Featured Profiles

Pioneering The Way For Machine Learning

Anima Anandkumar pioneered finding global optimal in non-convex problems, a big pain point in machine learning. Anima is an academician who has worked in both—industry and academia. She has contributed significantly to central AI and ML projects at Amazon.


Born and raised in the South Indian town of Mysore, Anima grew up with exceptional exposure to engineering. Her father was a qualified mechanical engineer from the reputed IIT Madras, and her mother held a degree in electronics engineering. It was no surprise that Anima harboured great affinity for math and science. Her trips with her father to the factory to see how machines work and visits to many industrial expos only fuelled her passion for all things science.


Anima was a deft student and ranked fourth in Mysore in her Grade 10 examination. She had the singular goal of securing admission into the most reputed college for engineering- The Indian Institute of Technology (IIT). She dedicated herself to studying for the entrance exam, referred to multiple college books, and took help from distant coaching whenever needed. Anima looked back fondly at that time and said in an interview with YourStory, “I treasure those times because I could get a concrete understanding of how to take this exam as a challenge. A lot of self-thinking and introspection helped me do that.”


After gruelling preparation, Anima secured a spot in IIT Madras in Electrical Engineering. After her third year, she spent a summer at IISc under Professor Y B Venkatesh, who introduced her to the concept of Gabor filters. This concept consequently helped in her research in Image processing that has allowed machines to process images and identify objects. The concept roused her and led to the life-changing decision of applying for a PhD that ultimately landed her at Cornell University that was the beginning of a woman leading the way forward in Machine Learning and Artificial Intelligence.


Her advisor Lang Tong played a vital role in nurturing the spirit of curiosity in her and made her brainstorm various solutions to the problems they were facing in the industry. This led to Anima’s unique approach to problem-solving and finding better alternatives for pre-existing issues. Right after her first year, she deep-dived into solving some of the biggest questions in the internet of things(IOT) and even ended up with major breakthroughs in the field.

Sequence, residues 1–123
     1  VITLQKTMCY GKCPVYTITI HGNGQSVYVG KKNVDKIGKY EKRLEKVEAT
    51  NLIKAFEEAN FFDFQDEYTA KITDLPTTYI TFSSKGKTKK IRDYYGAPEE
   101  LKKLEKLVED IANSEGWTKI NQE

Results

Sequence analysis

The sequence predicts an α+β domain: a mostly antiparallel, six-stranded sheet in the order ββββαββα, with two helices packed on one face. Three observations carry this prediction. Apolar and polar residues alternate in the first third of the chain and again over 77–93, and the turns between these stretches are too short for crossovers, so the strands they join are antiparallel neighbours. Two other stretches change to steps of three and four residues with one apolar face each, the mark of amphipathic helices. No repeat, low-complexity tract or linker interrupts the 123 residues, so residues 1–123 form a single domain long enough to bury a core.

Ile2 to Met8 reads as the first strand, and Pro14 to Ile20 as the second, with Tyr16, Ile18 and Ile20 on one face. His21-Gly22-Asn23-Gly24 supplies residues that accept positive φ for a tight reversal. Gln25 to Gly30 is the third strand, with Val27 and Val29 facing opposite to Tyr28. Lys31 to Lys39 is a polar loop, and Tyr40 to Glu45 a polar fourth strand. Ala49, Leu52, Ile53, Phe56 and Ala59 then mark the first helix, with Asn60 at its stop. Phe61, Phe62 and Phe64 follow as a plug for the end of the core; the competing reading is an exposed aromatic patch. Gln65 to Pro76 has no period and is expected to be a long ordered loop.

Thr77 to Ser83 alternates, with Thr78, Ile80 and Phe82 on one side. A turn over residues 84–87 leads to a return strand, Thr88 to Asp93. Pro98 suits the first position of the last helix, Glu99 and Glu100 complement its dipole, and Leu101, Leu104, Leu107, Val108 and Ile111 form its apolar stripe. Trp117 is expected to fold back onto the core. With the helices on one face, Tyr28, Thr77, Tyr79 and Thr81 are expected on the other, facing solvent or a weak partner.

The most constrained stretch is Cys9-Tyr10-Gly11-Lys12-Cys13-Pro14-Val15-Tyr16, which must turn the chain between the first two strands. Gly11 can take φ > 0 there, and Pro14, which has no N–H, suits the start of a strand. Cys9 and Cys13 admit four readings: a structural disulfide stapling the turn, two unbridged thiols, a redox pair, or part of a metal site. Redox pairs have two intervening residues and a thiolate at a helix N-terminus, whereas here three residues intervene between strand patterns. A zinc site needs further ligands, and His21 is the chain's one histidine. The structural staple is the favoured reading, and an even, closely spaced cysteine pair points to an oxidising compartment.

She solved many groundbreaking questions in the field, like interconnecting many devices when they have limited battery and communication capabilities. In an interview, she said, “With network sensors, we aimed at coming up with algorithms that can do with lightweight communication mechanisms and be able to transmit information.” The key was to bring in the statistical model.


Her approach to work is simple, she says, “If there are wrong decisions, are there ways a human could intervene in a meaningful way and in a prompt manner to correct that. How can we design those processes?”

One of her first attempts showed that the bandwidth requirement (for transmitting data from sensors) could be drastically reduced by using statistical inference rather than sending in raw data. She also wrote a longer and more comprehensive journal article about this work and called it type-based communication. She said that the sensors should be sending in counts of how many entries they see of each type rather than the actual entries. This gives more efficient bandwidth saving because there’s no need to decode the sensors’ raw data.


She then joined UC Irvine as a faculty, at a time that was classified as the beginning of the big data revolution. Anima already having established her problem-solving capabilities then raised the bar and tried to check if tensors could solve the problem of reinforcement learning. She says, “Notion of intelligence comes from being able to adapt to changes in the environment. Most learning algorithms are passive, i.e. you already have a bunch of data which you’re processing and no change happens as the algorithm is learning.”


She is currently one of the leading women in the field of Artificial Intelligence and Machine Learning and has achieved various feats in the industry. She has worked on multiple AI projects in Amazon, including Amazon Rekognition, Amazon Lex and Amazon Polly. She is also the recipient of several awards and honours, such as the Bren named Chair Professorship at Caltech, Alfred. P. Sloan Fellowship, Young Investigator awards from the Air Force and Army research offices, Faculty fellowships from Microsoft, Google, Facebook, Adobe, and several best paper awards.


Her exemplary work got her featured on the world stage. She was recently nominated to the World Economic Forum’s Expert Network to share her adept insights on various forefronts. She has consistently made efforts to better her industry by democratizing it, promoting ethical use and improving diversity and inclusion. She was awarded the excellent tech award 2018 by NYTimes for her efforts.


In conclusion, her advice to all new developers is, “think about your work in a multidimensional way – reflect on the domain and the impact. For instance, ‘Think of a facial recognition application – if it is only working for a subset of the population then there is a discrimination.’